Gadfly: Bolt cutters leave no Marx
A distressing time for newspaper provocateur A. Bolt. The champion of community standards has any number of things in his firing line, but recent missions have included getting our free speech up to scratch and taking aim at lefty types, such as media academic Martin Hirst of Deakin University.
Hirst posted on Twitter a snap of himself next to Karl Marx’s grave at Highgate Cemetery in London. What you might have thought was a harmless enough exercise in free speech set aflame some of the News Corp hacks and others on Twitter, all taking unpleasant potshots at AssPro Hirst.
Soon Bolt was on the case, with an item bemoaning the fact that here was a man who “paid homage to Marx” and who taught journalism at Deakin, “which presumably wants its graduates equipped to work for big media organisations such as News Corp”.
What a glittering prize that would be.
When Hirst had enough of the trolls he used a popular four-letter word to tell them where to go. Bolt was livid and posted the comments, whereupon Deakin suspended Hirst without pay for misconduct, bringing the university into disrepute, etc.
Interestingly, Hirst’s legal advice was that using the word “fuck” in no way brought the university into disrepute. Let’s hope Mike Carlton at The Sydney Morning Herald hires the same lawyers.
Now Deakin has had the temerity, in defiance of Bolt and other leading thinkers, to reinstate Hirst.
The indignity didn’t stop there, for a week later Prime Minister Tony Abbott, with a heartbroken Soapy (Bigot) Brandis standing next to him, announced the end of the “Bolt amendments” to the Racial Discrimination Act.
This is the same Abbott who called around to the home of the entertaining scribbler to say the nation needs him, as together they shed tears in their shandies about the outcome of the Federal Court decision in Eatock v Bolt. Now, we all have to keep our lips buttoned on those delicious bigoted thoughts that are bursting to get out in the free speech marketplace.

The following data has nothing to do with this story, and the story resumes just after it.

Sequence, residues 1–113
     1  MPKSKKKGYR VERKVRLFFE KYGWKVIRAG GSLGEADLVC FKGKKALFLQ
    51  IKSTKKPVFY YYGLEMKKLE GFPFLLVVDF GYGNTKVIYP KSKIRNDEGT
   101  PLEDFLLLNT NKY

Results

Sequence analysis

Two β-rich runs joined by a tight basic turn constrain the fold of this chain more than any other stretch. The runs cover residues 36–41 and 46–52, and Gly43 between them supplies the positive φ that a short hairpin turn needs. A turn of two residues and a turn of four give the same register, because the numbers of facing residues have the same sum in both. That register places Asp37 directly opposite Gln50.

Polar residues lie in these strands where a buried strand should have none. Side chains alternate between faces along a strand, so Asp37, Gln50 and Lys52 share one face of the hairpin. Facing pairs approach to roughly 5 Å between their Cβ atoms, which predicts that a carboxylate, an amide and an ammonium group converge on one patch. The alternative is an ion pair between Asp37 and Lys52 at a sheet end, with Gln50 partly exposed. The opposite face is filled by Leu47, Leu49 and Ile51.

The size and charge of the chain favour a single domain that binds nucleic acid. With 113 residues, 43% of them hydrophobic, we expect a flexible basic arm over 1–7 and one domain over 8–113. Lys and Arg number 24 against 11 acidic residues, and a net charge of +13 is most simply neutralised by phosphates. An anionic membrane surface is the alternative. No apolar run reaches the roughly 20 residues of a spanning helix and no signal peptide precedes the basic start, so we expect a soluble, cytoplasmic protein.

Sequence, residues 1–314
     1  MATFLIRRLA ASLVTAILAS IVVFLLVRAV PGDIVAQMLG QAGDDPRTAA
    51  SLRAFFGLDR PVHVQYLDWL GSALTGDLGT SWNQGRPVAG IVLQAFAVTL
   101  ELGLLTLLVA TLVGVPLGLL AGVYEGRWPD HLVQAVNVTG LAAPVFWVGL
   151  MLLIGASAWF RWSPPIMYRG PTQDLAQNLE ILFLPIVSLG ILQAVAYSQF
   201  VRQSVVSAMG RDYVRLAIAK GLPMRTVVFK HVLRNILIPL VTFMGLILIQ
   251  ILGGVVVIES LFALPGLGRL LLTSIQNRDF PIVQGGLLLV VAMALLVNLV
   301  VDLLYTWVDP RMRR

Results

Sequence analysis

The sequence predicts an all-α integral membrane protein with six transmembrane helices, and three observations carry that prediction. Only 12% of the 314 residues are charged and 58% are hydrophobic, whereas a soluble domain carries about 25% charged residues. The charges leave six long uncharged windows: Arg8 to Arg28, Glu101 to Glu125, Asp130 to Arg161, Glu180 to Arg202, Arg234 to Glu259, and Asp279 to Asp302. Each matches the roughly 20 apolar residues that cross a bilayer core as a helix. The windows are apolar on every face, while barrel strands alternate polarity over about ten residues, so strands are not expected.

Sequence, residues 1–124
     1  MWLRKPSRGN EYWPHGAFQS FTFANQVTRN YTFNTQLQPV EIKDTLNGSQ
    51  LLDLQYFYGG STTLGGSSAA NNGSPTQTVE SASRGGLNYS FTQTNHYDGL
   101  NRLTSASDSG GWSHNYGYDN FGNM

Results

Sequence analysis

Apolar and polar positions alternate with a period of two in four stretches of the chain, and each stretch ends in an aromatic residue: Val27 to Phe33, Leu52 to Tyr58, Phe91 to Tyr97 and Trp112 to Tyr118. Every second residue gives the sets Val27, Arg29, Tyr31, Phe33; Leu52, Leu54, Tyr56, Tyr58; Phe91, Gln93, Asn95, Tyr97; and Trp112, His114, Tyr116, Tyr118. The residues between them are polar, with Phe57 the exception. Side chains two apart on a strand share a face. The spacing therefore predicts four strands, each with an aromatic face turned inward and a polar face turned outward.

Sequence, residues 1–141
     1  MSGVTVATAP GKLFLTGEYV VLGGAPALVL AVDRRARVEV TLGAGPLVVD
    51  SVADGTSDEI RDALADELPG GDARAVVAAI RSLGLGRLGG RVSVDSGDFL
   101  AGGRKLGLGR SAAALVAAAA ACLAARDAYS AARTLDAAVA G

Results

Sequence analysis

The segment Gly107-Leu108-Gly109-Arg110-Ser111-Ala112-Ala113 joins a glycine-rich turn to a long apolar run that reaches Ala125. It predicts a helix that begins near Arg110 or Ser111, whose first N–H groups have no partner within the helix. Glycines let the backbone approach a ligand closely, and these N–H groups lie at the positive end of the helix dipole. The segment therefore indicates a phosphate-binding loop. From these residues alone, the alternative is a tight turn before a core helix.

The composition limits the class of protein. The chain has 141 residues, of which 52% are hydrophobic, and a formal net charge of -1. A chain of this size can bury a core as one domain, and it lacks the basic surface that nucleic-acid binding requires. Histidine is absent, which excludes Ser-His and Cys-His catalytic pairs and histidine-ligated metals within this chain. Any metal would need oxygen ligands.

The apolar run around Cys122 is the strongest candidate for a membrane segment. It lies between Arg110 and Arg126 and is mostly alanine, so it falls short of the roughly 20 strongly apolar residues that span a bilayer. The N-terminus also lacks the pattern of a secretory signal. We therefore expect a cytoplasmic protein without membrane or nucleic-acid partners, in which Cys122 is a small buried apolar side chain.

Thursday’s Free Speech Symposium, arranged by Human Rights Commissioner Tim Wilson, was designed to relaunch the case for the abolition of section 18C. In the end, even Soapy didn’t show.
Phuff, fizzle, splutter.
At least Freedom Boy hasn’t felt overly constrained by 18C’s throttling of our expression.
Someone on Twitter called @vote_pyne reported a radio interview on 3AW from June, which went like this:
Norm (a caller): “There’s only one race and that’s the human race.”
Tom Elliott: “We’re all people.”
Tim Wilson: “There are big differences in terms of skin colour and cultural background.”
Tom Elliott: “Those are only minor things.”
Tim Wilson: “They are only minor things but they have a very big impact on who we let into the country.”
We emailed Freedom Boy to check and back came a tweet that reflects some revised thinking since June: “Aus had disgraceful White Aus Policy that decided migration based on race. Disgraceful. Took too long to repeal.”
Is that clear?
Privacy report kept private
Human Rights Commissioner Wilson was all worked up that our privacy may be under threat courtesy of the data retention regime being hatched by his pal and sponsor, Attorney-General Brandis.
For his part, Brandis issued unctuous reassurances. Privacy will be protected, don’t you worry about that.
Interestingly, the Australian Law Reform Commission’s report on privacy is sitting in Brandis’s desk, and at the time of Gadfly’s deadline had not been released to the wider world. Bookshelves has 15 sitting days after taking delivery of the report to table it, and his track record is to leave this task right to the last moment.